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Response of periodontopathogens to environmental changes

Fletcher, Julie Maxine; (1999) Response of periodontopathogens to environmental changes. Doctoral thesis (Ph.D), UCL (University College London). Green open access

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Periodontal diseases are associated with inflammation, loss of gingival attachment and erosion of alveolar bone. More than 300 species of bacteria have been isolated from human subgingival plaque samples. Of these, certain species including Actinobacillus actinomycetemcomitans, Porphyromonas gingivalis and Fusobacterium nucleatum have been specifically implicated in the aetiology of one or more of the periodontal diseases. The microenvironment of the periodontal pocket is extremely complex and it is likely that there will be continual variation in the environmental conditions operating in this habitat. The aim of this thesis was to study the effect of environmental factors on the growth and virulence potential of periodontopathogenic bacteria. The redox potential (Eh) of the environment was found to profoundly affect the growth and survival of P. gingivalis and F. nucleatum. Addition of the redoxmodifying agent, methylene blue (MB), to suspensions of P. gingivalis and F. nucleatum caused an increase in the Eh of the medium and this was associated with killing of both organisms. In a small-scale clinical trial, application of MB to the periodontal pocket was associated with changes in the subgingival microflora which represented a shift towards a microflora more compatible with gingival health. The effect of growth medium and incubation atmosphere on the acid (AcP) and alkaline (AIP) phosphatase activity of A. actinomycetemcomitans was studied. AcP activity was greater under anaerobic conditions compared to CO2-enriched aerobic conditions. The effect of IL-1β and IL-6 on the growth of P. gingivalis and A. actinomycetemcomitans and the ability of these two organisms to degrade IL-1β, IL-6 and IL-1ra was determined. Neither IL-1β nor IL-6 affected the growth of either organism. However, P. gingivalis was shown to rapidly degrade these cytokines both in the absence and presence of serum. A. actinomycetemcomitans exhibited no cytokine-degrading activity. The effect of a range of environmental conditions (growth in a CO2-enriched aerobic atmosphere versus anaerobic growth, presence of serum or blood, biofilm versus planktonic mode of growth and iron depletion) on the surface protein and antigen profiles of A. actinomycetemcomitans was examined. Up-regulation and down-regulation of a number of proteins was observed when growth conditions were altered. This study has shown that environmental conditions do affect the growth and virulence potential of periodontopathogenic bacteria and furthermore, that environmental modification may represent an alternative to traditional antimicrobial agents in eliminating these microorganisms from the periodontal pocket.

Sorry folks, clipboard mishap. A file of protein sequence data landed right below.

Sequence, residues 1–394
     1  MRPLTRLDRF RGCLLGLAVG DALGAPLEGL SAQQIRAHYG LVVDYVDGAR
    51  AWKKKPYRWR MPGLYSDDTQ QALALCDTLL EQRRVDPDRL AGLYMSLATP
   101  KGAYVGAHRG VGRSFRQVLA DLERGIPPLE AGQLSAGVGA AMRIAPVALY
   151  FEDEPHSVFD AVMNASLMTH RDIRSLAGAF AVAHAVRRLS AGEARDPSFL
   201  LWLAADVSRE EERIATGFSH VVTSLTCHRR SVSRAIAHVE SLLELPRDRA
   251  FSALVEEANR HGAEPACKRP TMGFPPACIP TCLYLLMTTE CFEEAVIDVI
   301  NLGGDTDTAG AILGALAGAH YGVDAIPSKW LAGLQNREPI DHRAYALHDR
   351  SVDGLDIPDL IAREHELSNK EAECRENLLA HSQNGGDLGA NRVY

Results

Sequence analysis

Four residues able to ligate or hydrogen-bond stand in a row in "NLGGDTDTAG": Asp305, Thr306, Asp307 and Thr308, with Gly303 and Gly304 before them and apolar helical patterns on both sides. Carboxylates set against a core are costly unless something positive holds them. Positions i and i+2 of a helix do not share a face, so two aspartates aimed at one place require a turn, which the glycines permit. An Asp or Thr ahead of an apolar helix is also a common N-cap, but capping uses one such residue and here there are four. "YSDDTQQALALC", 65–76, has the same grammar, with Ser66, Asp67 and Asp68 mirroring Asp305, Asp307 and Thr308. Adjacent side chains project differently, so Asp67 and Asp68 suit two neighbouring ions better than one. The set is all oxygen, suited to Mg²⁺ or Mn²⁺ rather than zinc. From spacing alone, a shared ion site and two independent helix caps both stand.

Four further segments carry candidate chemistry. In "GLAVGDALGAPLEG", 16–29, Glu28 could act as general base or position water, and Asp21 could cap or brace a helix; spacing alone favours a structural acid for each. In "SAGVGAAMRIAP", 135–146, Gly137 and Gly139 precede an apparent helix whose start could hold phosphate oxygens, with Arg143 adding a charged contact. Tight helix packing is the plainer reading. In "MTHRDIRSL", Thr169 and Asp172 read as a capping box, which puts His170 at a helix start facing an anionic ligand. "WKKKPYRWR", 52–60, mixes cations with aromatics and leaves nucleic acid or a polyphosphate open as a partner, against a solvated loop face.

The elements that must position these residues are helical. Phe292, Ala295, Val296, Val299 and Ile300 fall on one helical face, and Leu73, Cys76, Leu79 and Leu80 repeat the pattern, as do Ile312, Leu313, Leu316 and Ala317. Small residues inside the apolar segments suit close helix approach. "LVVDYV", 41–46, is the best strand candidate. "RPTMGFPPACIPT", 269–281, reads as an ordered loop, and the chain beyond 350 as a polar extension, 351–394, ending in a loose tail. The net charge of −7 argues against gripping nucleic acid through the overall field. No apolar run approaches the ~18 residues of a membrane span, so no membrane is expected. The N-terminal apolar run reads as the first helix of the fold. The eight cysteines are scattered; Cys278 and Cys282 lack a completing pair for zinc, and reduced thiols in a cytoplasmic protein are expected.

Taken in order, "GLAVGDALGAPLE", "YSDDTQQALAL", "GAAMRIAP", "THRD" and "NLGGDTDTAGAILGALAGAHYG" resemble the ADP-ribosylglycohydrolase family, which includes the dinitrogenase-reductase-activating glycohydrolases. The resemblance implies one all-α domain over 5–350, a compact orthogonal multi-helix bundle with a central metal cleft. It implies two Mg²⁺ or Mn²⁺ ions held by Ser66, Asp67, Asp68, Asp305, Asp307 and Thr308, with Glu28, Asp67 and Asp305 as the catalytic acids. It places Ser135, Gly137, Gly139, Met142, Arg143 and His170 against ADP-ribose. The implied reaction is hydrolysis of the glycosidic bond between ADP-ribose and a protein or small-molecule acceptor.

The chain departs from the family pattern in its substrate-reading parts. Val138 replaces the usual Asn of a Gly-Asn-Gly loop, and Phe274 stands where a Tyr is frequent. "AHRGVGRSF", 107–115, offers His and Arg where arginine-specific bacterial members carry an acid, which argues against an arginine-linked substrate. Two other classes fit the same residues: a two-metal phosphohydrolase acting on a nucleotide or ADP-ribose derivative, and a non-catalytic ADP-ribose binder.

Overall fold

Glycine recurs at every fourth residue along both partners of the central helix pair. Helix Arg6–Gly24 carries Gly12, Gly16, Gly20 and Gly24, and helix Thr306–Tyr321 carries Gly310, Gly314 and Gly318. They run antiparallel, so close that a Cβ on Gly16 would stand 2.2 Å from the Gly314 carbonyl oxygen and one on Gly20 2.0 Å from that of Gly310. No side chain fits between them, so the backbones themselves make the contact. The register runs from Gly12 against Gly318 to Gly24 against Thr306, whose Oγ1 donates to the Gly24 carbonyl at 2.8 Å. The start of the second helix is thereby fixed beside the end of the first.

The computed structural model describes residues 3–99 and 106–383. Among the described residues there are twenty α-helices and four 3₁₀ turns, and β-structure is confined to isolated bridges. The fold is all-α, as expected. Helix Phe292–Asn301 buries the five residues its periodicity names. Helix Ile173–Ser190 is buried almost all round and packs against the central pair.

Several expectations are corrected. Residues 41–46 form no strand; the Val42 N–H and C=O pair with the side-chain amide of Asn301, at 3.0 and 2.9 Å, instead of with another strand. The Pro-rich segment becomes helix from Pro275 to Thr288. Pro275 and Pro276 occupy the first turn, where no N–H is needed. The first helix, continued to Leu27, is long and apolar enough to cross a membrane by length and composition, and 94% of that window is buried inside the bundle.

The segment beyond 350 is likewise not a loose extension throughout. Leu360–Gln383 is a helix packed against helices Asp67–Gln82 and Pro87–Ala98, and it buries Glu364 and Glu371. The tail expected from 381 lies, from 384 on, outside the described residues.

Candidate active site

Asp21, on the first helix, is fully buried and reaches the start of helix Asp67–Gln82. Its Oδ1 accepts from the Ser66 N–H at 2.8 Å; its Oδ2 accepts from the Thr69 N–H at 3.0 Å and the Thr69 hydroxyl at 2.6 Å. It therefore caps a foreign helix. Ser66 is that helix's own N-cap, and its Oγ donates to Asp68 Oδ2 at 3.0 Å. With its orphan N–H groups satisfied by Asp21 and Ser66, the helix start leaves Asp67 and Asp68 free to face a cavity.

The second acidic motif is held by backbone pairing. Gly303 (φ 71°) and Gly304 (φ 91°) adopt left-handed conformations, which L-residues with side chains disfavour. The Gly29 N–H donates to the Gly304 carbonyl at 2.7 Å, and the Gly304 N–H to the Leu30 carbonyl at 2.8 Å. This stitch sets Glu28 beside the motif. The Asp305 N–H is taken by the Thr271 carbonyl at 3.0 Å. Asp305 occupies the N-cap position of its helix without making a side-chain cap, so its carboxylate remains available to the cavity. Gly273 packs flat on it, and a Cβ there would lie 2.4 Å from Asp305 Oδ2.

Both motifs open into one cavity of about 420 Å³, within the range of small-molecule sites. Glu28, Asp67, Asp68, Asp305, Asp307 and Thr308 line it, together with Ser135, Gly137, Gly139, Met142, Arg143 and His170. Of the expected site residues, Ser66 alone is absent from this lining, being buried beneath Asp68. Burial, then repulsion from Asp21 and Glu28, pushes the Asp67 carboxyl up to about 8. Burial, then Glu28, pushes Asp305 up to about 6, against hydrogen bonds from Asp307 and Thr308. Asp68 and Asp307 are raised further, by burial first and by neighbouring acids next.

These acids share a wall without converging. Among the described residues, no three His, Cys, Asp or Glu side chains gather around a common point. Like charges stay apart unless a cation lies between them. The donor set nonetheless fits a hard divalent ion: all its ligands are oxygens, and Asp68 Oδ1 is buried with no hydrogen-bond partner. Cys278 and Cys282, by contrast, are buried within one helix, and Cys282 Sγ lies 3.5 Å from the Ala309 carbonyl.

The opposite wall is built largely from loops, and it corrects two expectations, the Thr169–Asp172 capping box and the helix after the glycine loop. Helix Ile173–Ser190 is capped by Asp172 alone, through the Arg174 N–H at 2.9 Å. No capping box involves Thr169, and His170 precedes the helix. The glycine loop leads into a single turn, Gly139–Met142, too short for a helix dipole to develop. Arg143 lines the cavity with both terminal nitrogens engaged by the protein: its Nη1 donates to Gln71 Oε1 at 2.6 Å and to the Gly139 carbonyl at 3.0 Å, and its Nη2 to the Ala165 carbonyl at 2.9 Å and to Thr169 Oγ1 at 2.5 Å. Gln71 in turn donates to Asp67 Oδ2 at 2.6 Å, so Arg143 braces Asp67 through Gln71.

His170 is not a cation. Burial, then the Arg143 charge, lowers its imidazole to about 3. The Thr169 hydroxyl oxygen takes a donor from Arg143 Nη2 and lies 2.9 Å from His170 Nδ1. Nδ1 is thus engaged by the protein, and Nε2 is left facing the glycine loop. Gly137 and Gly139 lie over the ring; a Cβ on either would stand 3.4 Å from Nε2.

Type: Thesis (Doctoral)
Qualification: Ph.D
Title: Response of periodontopathogens to environmental changes
Open access status: An open access version is available from UCL Discovery
Language: English
Additional information: Thesis digitised by ProQuest.
Keywords: Biological sciences; Health and environmental sciences; Periodontal disease
URI: https://discovery.ucl.ac.uk/id/eprint/10108294
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